Stung by government apathy, Christians this month joined forces with other excluded religious communities like Buddhists and Muslims to begin a campaign seeking an end to religious discrimination.
The Inter-Religious Secularism Protection Movement (IRSPM) is asking the government to allow churches, mosques, Buddhist monasteries and all other institutions run by religious minorities to be registered as religious institutions and be exempted from paying taxes.
“Despite ratifying several international conventions and despite becoming secular, Nepal has not recognized Buddhist monasteries, mosques, churches, Sikh gurdwaras [worship halls] and other religious institutions belonging to the religious minorities as religious trusts,” said Ishu Jung Karki, IRSPM’s acting coordinator. “Instead, it is nurturing laws that promote one particular religion.”
The campaigners are demanding that the government amend the draft of a new penal code that has triggered widespread controversy and condemnation over the inclusion of clauses that make conversions a punishable offense. Instead, they are asking for a new Religion Act as well as Religion Commission to resolve religious disputes.
Christians make up 2.85 percent of the population of Nepal, a nation that is 16 percent Buddhist and 4.4 percent Muslim; Hindus are the majority at 75 percent, according to Operation World.
For the first time, Christians and other religious minorities are seeking proportional representation in all state organs such as the army, judiciary and civil service on the basis of population. Though Nepal’s new Parliament has 601 seats with the provision that the prime minister should nominate representatives from unrepresented communities, the stipulation has been virtually ignored. Most ignored have been Christians.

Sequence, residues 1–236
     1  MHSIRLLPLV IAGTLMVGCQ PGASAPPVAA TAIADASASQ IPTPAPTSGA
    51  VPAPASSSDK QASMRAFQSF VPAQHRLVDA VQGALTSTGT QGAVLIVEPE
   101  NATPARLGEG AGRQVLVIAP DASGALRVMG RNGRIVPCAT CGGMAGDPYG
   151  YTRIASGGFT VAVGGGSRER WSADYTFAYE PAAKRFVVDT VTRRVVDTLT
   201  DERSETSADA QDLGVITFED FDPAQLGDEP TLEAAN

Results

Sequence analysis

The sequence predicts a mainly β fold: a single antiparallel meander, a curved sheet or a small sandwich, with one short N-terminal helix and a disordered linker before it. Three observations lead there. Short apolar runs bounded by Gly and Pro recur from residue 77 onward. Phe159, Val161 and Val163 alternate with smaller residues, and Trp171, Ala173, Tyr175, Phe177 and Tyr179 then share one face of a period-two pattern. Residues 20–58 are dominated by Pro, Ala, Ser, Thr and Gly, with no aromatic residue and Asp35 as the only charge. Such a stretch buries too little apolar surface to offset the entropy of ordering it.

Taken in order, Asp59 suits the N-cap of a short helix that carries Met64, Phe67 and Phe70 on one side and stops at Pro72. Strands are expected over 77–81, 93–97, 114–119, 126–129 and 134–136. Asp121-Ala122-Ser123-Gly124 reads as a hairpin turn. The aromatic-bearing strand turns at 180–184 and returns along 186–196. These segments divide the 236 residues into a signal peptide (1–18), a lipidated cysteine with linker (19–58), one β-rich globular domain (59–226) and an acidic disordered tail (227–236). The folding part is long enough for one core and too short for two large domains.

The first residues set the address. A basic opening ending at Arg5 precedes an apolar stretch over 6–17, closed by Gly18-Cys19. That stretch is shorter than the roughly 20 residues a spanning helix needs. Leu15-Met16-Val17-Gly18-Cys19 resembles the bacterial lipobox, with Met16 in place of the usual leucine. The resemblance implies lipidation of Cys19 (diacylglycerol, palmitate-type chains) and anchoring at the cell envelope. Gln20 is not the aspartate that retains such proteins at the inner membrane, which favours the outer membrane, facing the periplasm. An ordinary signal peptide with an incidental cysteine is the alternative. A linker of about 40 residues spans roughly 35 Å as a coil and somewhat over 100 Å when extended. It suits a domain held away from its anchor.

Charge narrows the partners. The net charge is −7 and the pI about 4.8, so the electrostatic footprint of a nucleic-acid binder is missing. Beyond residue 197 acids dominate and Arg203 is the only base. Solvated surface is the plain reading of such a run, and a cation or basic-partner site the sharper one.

The campaign has also expressed concern at strident propaganda by a section of the Nepalese media against religious minorities; these media representatives say the religious minorities’ proposals aim to spread “envy, hatred and strife.” The Christian community has been especially alarmed by a recent article in a popular English daily, authored by the editor of a financial newspaper, who alleged that all international NGOs that had set up office in Nepal aimed to propagate Christianity.
Perhaps the greatest concern by Christians is about the delay in promulgating a new constitution that was to have bolstered the nascent republic’s secular status. The major political parties failed to meet two deadlines – one last year and one in May – to get the charter ready. A third deadline looms on Aug. 31, and it is evident that not even the first draft of the document will be ready.
The inordinate delay has given militant Hindu groups time to push for the restoration of Hinduism as the state religion and for a referendum to decide if Nepal should remain secular.
“The government should implement the new constitution by Aug. 31,” reads an IRSPM press statement. “That is the mandate of the people as well as the pro-democracy movement.”
The pro-democracy movement ended Hindu King Gyanendra Shah’s army-backed rule and brought the political parties to power.